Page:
let fun distinct a' (a, tau) = a <> a' andalso not (member a' (freetyvars tau))
fun good (prev', (a, tau)::next) =
List.all (distinct a) prev' andalso List.all (distinct a) next
andalso good ((a, tau)::prev', next)
| good (_, []) = true
in good ([], pairs)
end
val solve =
fn c => let val theta = solve c
in if isIdempotent theta then theta
else raise BugInTypeInference "non-idempotent substitution"
end
```

## Type inference

With your solver in place, type inference should be mostly straightforward.

Follow the same step-by-step procedure you used to build your type checker for Typed μScheme. In particular,

- Start by disabling the predefined functions.
- Build on the partially complete implementation of
`typeof`

from the book. - Build your implementation of
`literal`

just as you did for Typed μScheme: numbers, symbols, and Booleans first. - Create a file of regression tests. Start with literals.
- Look at each case in the code that raises
`LeftAsExercise`

. Fix these cases one at a time. At each step, add to your regression suite, and run all the tests. Whenever possible, include`check-type-error`

tests. - The two difficult cases are
`let`

and`letrec`

. You can emulate the implementations for`val`

and`val-rec`

, but**you must split the constraint**into local and global portions. The splitting is covered in detail in the book in the section on “Generalization in Milner’s let binding”, which is part of section 7.5.2. Look especially at the sidebar “Generalization with constraints” on page 509. - Implement list literals toward the end.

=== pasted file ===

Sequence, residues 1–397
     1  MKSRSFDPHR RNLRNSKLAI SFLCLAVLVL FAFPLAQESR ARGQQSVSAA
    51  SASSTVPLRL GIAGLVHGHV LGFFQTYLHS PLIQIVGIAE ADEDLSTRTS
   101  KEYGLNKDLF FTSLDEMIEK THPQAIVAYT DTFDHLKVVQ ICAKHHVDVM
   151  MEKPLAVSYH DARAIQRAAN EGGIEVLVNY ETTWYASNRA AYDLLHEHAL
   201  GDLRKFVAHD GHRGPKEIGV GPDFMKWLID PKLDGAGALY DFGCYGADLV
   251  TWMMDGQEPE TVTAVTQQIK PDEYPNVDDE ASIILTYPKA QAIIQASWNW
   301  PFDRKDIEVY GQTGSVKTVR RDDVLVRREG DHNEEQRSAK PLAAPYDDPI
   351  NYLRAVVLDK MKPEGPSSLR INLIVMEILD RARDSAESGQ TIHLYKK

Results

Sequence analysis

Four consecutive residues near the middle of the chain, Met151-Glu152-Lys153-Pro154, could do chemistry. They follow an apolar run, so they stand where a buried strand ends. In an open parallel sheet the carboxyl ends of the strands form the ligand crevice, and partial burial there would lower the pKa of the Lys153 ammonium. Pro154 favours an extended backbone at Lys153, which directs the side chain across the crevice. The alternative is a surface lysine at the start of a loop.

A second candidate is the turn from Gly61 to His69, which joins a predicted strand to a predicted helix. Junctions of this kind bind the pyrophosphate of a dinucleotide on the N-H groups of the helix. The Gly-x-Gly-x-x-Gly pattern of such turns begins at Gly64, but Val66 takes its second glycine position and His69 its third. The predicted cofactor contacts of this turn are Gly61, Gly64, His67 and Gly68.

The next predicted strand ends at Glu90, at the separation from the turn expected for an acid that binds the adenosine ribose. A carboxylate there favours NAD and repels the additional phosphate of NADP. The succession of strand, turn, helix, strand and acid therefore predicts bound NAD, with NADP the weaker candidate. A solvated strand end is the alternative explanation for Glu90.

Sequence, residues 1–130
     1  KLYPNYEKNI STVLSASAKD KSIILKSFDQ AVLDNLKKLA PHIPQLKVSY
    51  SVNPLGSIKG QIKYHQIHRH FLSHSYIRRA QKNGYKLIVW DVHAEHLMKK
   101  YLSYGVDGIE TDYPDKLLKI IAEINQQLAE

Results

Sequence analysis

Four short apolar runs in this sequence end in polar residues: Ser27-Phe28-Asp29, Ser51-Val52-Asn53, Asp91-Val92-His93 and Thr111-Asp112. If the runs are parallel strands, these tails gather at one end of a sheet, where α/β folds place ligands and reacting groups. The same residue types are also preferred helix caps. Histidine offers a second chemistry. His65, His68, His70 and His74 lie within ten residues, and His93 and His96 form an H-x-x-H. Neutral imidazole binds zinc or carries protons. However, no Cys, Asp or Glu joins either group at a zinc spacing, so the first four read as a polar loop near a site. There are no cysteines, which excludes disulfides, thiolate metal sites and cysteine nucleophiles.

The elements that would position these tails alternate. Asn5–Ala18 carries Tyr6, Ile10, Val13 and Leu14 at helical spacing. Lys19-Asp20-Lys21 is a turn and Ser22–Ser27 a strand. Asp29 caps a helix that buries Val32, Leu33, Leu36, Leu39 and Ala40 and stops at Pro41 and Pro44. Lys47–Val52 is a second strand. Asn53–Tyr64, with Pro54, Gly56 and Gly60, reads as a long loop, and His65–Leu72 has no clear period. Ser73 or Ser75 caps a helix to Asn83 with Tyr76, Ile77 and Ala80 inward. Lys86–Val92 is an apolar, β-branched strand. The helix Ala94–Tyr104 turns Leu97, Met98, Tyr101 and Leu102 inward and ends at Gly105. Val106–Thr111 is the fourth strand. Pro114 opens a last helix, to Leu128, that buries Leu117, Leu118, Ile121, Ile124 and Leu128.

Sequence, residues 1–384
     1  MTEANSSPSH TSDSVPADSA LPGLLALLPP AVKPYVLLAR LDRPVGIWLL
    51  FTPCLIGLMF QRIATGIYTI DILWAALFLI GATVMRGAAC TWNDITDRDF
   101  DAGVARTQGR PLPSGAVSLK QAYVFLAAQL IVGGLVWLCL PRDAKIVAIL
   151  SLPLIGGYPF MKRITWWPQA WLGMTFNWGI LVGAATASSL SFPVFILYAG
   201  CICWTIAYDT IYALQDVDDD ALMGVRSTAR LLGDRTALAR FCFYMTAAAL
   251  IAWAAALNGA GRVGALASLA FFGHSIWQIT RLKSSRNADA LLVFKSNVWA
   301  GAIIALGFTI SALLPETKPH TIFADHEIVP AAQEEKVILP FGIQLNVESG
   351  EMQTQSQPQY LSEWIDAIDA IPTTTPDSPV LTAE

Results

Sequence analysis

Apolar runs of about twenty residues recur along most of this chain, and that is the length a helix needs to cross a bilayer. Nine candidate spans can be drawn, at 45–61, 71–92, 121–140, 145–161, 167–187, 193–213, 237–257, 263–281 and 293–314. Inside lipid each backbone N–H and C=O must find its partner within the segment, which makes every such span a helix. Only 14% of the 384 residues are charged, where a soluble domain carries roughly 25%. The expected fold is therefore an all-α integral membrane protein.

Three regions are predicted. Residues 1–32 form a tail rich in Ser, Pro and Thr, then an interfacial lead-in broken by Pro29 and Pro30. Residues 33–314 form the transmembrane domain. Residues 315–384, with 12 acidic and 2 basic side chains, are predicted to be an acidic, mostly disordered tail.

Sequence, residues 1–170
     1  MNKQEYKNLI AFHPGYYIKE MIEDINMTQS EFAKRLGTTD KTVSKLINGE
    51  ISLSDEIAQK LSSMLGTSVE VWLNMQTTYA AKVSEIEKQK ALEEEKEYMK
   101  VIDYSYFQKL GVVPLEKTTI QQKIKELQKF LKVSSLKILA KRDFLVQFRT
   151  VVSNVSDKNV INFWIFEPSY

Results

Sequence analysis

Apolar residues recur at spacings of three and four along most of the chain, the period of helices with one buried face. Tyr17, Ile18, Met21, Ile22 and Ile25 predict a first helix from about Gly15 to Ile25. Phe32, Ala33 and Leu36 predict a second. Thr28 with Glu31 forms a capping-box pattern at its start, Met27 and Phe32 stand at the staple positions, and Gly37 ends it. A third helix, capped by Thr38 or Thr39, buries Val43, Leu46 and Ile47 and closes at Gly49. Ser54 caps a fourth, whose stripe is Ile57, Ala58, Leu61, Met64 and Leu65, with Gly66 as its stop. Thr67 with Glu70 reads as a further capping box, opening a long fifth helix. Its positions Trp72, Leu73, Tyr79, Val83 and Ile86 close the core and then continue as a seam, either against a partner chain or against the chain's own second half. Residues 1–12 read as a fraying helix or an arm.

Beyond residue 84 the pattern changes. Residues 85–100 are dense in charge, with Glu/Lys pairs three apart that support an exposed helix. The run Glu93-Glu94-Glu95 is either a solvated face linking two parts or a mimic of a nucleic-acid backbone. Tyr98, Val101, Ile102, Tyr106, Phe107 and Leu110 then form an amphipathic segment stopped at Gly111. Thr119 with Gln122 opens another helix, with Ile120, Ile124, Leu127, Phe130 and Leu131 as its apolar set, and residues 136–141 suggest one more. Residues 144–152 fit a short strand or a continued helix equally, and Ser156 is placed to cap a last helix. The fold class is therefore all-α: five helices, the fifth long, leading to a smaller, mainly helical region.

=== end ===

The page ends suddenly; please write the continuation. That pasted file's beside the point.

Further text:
- Before you submit your code, re-enable the predefined functions and make sure your interpreter infers the proper types for the predefined functions of nano-ML. Write
`check-principal-type`

tests for functions`map`

,`filter`

,`exists?`

, and`foldr`

.

It pays to create a lot of regression tests, of both the `check-principal-type`

and the `check-type-error`

variety. (The `check-type`

test also has its place, but for this assignment, you want to stick to `check-principal-type`

.) *The most effective tests of your algorithm will use* `check-type-error`

. Assigning types to well-typed terms is good, but most mistakes are made in code that should reject an ill-typed term, but doesn’t. Here are some examples of the sorts of tests that are really useful:

```
(check-type-error (lambda (x) (cons x x)))
(check-type-error (lambda (x) (cdr (pair x x))))
```